Amazinga is a newly opened space that is home to all sorts of indoor attractions that are largely suitable for slightly older kids…and adults too! (Although there is a soft play for the younger ones here too.) Located at Zagrebacki Velesajam (Zagreb Fair) in Novi Zagreb, there’s a trampoline park, laser tag, a climbing zone, a mini ninja course, karting, soft play and more!
If it’s treat time, Zagreb has some excellent toy shops. Best of all may be in the Müller department store on the main square, Trg ban Jelacic. There are two floors of toys here – with items for the very young up to older kids – so there literally will be something for everyone!
Zagreb for Kids – Getting Around
Kids aged six and under travel for free on Zagreb’s trams and buses. And kids love trains (trams), right – so this is an attraction in itself! Most of Zagreb’s trams are modern and have low doors, thus easy to get into and out of with children or if you have a buggy. Just watch out for the old-fashioned trams operating on some lines that have steps after the door.
Zagreb’s funicular railway – which takes you from the lower town (just off Ilica) to the Upper Town, right by Lotrscak Tower – is the city’s oldest form of transport, having commenced use in 1890. Zagreb’s funicular is also apparently the shortest in the world, running on a track of only 66m in length. This is fun for any age as you ascend (or descend) slowly; there are some great views of Zagreb’s rooftops from this train, as well as when you disembark at the top.
Tickets can be bought at either end. It costs €0.66 for adults, and children ride free.
Kids will absolutely love the mini tourist ‘train’ the departs the main square, Trg Ban Jelacic, on weekends. This free train departs every 40 minutes and circles a central route in the city; it’s certainly a good way of seeing some of the city for those with little (tired) legs.
More info here.
You may want to warn younger children (or those who are perhaps of a slightly nervous disposition) that a cannon is fired from Lotrscak Tower every day at midday. It can be heard very well indeed if you’re anywhere in the region of the main square!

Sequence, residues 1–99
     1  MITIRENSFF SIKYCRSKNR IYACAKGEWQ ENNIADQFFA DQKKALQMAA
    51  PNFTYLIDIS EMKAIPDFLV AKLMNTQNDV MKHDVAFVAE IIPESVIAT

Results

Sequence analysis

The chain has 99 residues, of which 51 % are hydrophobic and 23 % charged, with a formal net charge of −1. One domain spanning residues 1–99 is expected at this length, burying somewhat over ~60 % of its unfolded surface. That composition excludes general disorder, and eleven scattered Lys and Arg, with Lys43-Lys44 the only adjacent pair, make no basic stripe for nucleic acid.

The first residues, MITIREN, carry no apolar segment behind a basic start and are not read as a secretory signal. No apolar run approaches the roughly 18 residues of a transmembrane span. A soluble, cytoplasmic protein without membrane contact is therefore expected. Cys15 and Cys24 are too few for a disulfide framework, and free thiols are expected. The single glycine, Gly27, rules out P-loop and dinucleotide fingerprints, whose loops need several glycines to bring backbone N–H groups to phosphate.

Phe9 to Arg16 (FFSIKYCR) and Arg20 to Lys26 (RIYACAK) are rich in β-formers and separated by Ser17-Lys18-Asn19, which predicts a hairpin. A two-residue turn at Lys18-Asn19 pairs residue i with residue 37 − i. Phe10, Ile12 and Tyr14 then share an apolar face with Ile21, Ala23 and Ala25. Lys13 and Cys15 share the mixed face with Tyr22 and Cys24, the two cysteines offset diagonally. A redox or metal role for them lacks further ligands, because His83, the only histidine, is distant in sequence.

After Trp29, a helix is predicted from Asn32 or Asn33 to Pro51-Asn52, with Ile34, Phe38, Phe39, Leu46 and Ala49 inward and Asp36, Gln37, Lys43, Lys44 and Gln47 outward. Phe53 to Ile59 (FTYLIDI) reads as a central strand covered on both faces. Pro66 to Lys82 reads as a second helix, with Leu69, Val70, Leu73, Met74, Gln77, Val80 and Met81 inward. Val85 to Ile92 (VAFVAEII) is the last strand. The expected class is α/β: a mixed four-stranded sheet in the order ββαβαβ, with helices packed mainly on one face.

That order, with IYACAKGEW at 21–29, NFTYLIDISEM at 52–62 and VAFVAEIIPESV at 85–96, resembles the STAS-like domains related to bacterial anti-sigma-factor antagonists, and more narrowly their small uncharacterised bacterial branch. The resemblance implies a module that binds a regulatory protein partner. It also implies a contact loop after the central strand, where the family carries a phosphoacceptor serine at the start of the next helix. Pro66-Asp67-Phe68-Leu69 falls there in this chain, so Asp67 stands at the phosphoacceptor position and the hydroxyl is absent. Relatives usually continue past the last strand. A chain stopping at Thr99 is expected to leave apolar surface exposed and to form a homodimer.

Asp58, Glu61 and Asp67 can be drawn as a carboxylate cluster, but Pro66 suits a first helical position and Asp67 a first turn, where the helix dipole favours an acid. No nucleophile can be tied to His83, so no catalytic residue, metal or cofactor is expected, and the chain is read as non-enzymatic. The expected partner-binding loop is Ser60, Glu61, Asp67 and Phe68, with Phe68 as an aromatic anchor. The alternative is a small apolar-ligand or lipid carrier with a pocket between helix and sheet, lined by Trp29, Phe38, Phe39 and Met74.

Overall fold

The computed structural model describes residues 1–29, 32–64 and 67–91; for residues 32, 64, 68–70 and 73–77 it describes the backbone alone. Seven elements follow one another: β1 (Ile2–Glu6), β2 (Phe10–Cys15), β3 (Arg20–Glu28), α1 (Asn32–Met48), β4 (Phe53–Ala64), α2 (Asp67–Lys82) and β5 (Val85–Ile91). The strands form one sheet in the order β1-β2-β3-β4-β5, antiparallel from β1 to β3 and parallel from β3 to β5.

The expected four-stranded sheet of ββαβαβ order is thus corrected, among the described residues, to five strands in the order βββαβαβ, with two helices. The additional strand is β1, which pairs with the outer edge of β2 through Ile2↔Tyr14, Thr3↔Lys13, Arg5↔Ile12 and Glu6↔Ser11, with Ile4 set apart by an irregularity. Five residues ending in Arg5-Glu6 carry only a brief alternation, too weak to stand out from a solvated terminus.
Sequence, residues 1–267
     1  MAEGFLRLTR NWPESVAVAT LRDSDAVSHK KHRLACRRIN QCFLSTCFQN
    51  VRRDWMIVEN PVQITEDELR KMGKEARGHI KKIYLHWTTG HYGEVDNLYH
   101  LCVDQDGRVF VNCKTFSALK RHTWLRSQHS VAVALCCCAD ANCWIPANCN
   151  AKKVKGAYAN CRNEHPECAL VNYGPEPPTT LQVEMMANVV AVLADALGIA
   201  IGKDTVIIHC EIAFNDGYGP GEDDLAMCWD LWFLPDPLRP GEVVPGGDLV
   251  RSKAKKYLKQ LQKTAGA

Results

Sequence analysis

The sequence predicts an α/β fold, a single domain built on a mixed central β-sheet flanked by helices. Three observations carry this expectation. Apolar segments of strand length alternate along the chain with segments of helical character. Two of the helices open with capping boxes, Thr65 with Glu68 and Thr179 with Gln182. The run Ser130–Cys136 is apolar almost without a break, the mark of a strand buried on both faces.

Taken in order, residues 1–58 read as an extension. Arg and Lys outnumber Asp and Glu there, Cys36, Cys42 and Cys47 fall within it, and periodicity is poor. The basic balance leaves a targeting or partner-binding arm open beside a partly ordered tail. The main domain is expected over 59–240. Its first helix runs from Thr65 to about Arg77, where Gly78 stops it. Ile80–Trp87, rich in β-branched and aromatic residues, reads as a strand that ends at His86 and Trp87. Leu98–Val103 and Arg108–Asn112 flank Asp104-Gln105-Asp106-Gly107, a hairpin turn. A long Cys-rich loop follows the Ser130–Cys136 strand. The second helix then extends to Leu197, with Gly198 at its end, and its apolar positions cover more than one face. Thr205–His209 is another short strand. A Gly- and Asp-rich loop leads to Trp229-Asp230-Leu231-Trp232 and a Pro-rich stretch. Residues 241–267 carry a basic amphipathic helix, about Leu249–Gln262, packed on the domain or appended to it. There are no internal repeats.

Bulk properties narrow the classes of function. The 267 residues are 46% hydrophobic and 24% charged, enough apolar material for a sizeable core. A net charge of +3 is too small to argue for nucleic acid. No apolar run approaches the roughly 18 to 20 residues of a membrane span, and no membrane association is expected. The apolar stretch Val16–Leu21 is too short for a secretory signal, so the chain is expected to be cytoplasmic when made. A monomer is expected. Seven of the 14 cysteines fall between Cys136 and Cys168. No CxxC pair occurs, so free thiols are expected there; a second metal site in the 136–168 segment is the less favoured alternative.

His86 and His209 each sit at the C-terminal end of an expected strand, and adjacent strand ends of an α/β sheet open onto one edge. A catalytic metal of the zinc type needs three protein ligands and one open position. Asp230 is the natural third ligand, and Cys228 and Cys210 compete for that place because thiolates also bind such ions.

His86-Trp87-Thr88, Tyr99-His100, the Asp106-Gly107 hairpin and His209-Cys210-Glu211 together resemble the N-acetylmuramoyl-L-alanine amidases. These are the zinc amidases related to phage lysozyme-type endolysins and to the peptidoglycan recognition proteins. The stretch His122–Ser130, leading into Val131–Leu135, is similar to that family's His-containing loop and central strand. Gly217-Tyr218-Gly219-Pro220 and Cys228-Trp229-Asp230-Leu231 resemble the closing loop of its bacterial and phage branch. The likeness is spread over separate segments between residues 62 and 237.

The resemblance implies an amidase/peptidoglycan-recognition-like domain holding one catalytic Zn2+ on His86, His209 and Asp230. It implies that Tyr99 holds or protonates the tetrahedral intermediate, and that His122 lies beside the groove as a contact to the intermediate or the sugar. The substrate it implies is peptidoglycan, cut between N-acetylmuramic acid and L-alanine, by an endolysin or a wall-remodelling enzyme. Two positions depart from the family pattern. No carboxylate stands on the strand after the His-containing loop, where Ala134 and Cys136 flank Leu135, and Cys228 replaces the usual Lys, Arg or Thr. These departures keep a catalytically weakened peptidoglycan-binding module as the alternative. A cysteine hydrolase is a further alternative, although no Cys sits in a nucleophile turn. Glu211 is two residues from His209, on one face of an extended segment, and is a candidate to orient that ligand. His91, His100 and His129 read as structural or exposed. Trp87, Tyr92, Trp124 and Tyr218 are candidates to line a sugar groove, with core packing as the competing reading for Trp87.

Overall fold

You can also climb up inside the four floors of the tower for even higher views of Zagreb! Tickets cost €3.05 for adults and €1.99 for children aged 7 years+.
More info at: Lotrscak Tower
Zagreb for Kids – Eating Out
Little kids (and big kids too) love ice cream…right?! And if you’re on holiday, you may as well treat everyone to ice creams! You’ll see many ice cream shops and patisseries dotted around the city, but we say Vincek is the best.
The ReUnion Restaurant at the centrally-located Canopy by Hilton Zagreb City Centre has a great offering for families with kids on Sunday afternoons. From 1pm to 4pm, come down to enjoy a specially-priced buffet lunch: €23 for adults, €8.50 for kids aged up to 12 and kids under 5 eat free! There’s a wide range of starters, mains, sides and desserts and as a buffet, you can try it all! Best of all, there’s a supervised playroom for your little ones to burn off energy after their food. (And it’s very likely that the staff supervising the kids will speak English!)
See more recommended restaurants in Zagreb on our Eating in Zagreb page.
Zagreb for Kids – Advent in Zagreb
Adults and kids alike will absolutely love Advent in Zagreb – one of the top attractions of the city. Held for just over a month from early December to early January each year, you can enjoy the wonderful Christmas decorations and markets – particularly on the main square, in Zrinjevac park, the Upper Town, Europskom trgu/European square, Gric tunnel…and many more places besides! Even Zagreb Zoo (mentioned above) gets in on the act. There is also a large ice rink on King Tomislav square.
Take a look at our Family Holidays in Croatia page for more ideas on what to do when visiting the country with kids.